I would venture to affirm that Guatemala already has a Competition Protection Law, based on the article 361 of the Commercial Code that establishes that, “All businesses have the obligation to enter into business with anyone who requires the products or services that it offers, observing equal treatment between the diverse kinds of consumers.”


Quoting again from Hayek what makes a big company control others conduct is not the volumen of resources it possesses but the ability it has to stop the delivery of the goods the consumers need to consume immediately. He adds that this faculty does not come from the possibility to control the prices, but from the fact that, the company is in the position to discriminate among buyers.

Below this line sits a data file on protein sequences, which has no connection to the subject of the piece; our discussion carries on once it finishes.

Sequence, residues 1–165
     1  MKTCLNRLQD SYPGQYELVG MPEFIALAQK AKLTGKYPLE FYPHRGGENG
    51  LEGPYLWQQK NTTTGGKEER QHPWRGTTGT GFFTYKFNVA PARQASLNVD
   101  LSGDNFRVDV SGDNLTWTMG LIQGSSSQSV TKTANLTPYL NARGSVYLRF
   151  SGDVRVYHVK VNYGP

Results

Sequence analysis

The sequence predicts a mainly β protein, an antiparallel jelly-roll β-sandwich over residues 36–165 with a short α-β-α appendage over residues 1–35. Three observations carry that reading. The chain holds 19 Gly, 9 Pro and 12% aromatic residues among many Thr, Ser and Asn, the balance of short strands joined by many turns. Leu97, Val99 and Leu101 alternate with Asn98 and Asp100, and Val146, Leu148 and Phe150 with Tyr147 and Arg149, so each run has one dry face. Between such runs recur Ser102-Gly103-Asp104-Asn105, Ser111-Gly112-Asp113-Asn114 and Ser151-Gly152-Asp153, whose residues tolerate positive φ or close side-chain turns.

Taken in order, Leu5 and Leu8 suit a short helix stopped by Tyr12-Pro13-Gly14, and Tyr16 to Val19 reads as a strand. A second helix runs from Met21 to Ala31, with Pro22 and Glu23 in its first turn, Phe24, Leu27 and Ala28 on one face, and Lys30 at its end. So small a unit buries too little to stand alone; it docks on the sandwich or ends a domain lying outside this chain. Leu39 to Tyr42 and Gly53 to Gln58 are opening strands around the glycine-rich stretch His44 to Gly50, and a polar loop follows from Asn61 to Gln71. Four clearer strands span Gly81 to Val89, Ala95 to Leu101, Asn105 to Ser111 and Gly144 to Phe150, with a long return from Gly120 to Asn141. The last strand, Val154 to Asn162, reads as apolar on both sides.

Therefore, the obligation that the Commercial Code of Guatemala establishes is a rule regarding competition protection and against the exercise of market power. The norms that follow it are within the area of “unfaithful competition”, although the definition of “unfaithful competition” is sufficiently wide to permit the incorporation, by way of jurisprudence, of certain notions that the economic science and the doctrine on competition law have already created. The article 362 defines as unfaithful acts: “Every act or deed contrary to good commercial faith, or to normal and honest development of mercantile activities, will be considered as disloyal competition, and therefore, unjust, and prohibited.”